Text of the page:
Over the last couple of years, the trend of ‘saying “no”’ vs. ‘being a “yes” person’ has come to the forefront. And I’m so happy it has!
I’m personally all for saying no!
If your schedule is crazy, gracefully decline a couple of events over the holiday season. It will help to spread your energy, and dodge that ‘holiday hangover’ feeling come January.
For example: if a friend is having a party which you know will tip you over the edge commitment-wise, ask if you can make it up to them with a (warming spiced!) coffee another day soon.
It’s important to recognise when you need a night at home, and you don’t need to feel guilty for it.
It’s all about recognising the fact that you are your top priority, and you can only be your ‘best self’ for your friends, when you look after your own wellbeing first and foremost.
Similarly, if work has an event (volunteering or otherwise) over a weekend, but you already have something planned, it’s OK to skip it! People respect others with boundaries, and it’s important to be firm about your own.
The takeaway? There’s a way to say no with kindness and without guilt. Put yourself first this holiday season. Take care of your mind and body, and you won’t run yourself into the ground. Meaning you’ll be a better friend, family member and party-goer this season! And who doesn’t want to give it their all, for the parties they actually attend?!
3 – Bring What You Know
I’m no Martha Stewart, but I will say, I have about ten recipes that I make damn well!
I’ve learned to accept that I’m not keen on perfecting a new recipe weekly – and quite frankly, I stink at baking. But what I don’t stink at is making a tater tot casserole, a fresh salad, pepper jack mac n’ cheese, and a few dips that will blow your socks off (if I do say so myself!).
When a friend asks you to bring something to a party, go with what you know. It’s not the time to try a fancy new scone or side dish – there’s usually no time or energy for that during the holidays.
Offer to bring one of your stellar dishes (I’ve done my best to perfect one in each category – so breakfast, appetizer, meal, etc.), and don’t worry about being best in show at the potluck.
Once the season is over, you’ll have a lot more time to try something new!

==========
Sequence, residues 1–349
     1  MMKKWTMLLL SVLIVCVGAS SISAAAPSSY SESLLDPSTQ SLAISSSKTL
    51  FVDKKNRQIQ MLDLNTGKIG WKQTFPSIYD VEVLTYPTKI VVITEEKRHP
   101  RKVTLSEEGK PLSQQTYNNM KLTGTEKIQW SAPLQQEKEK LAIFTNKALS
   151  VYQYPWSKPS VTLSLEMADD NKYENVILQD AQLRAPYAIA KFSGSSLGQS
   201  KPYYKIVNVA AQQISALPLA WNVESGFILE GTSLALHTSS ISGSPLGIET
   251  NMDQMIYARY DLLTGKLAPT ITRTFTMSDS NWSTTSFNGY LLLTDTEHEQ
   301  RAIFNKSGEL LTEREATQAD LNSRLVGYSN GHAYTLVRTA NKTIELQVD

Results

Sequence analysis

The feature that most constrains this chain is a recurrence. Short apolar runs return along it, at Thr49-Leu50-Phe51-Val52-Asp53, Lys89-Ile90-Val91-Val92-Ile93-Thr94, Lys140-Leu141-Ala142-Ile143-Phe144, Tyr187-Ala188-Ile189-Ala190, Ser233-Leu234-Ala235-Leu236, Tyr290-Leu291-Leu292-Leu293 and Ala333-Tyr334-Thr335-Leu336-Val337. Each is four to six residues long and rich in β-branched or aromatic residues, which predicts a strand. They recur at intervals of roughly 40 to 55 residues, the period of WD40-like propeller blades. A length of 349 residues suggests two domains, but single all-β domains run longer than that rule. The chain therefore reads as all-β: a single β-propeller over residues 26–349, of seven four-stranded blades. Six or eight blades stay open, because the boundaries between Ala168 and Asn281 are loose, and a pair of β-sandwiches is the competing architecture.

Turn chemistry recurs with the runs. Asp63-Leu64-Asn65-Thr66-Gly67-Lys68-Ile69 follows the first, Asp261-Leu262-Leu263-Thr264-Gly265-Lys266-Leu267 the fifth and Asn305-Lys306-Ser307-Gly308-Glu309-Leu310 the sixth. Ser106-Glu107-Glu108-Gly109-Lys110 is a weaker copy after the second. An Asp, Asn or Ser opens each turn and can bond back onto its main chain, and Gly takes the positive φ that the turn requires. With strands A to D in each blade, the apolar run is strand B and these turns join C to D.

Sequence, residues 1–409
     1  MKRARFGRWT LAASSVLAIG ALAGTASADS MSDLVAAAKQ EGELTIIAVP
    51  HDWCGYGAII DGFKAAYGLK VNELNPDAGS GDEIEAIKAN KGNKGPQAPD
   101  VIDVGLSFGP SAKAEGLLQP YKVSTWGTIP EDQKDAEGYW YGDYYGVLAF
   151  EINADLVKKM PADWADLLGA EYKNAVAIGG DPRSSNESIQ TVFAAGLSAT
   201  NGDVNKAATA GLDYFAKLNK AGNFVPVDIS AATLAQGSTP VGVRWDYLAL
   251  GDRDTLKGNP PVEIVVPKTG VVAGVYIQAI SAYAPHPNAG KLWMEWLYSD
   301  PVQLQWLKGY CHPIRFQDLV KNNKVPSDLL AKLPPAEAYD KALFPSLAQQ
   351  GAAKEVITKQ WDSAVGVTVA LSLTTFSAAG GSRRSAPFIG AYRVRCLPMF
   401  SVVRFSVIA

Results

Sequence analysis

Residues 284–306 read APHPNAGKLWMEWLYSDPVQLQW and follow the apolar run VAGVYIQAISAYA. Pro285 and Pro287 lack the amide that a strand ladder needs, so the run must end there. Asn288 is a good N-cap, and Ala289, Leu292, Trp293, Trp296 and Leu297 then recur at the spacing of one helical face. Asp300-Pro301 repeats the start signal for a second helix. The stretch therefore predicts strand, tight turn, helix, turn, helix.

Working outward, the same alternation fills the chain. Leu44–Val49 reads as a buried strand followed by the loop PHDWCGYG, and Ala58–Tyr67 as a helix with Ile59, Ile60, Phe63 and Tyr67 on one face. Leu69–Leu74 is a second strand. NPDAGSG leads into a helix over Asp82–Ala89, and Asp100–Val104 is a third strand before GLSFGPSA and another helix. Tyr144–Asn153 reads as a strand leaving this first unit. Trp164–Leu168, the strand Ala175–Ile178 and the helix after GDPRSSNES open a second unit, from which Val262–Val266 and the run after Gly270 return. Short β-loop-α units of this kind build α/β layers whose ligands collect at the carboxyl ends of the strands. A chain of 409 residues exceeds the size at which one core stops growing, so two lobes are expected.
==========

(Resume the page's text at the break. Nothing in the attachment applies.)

If you hate cooking altogether? Everyone loves the provider of wine!
The takeaway? Good food is good food. Serve up your favourite recipe, and it’ll go down a treat. Not only will it be a lovely contribution to the party, it’ll save you precious time and energy which you can otherwise allocate to being present and relaxed at the party!
4 – Volunteering
Though the week of Christmas is a splendid time to volunteer, my preference is to offer my time after the new year.
Many people volunteer during the traditional holidays, so I’ve actually found it hard to find spots available at times, and peoples’ needs don’t finish after Christmas. Try volunteering after the traditional holiday season, and help to continue to the good feelings of the season into the new year.
When helping others, it’s a humbling and rewarding experience, and it’s always a time that instills an immense sense of gratitude.
So often we forget all that we are blessed with – and what we have.
The takeaway? If you can’t make the space to volunteer during the holiday season, know that people will be waiting with open arms come January – and it’ll carry over the grateful feelings that the holidays are all about, into the new year.
What’s Your Take?
That’s all for my tips on fighting overwhelm as the holidays roll in. I’m sure you have more ideas that would only increase the zen vibes, too – so please share!
I’d love to know what you have planned for this season?
Wishing you a happy, healthy and peaceful start to the holiday season.
Love, Chelsea x
Photography by Frances McMahon
Cardigan: Primark – Similar
Belt: Mango (Old) – Similar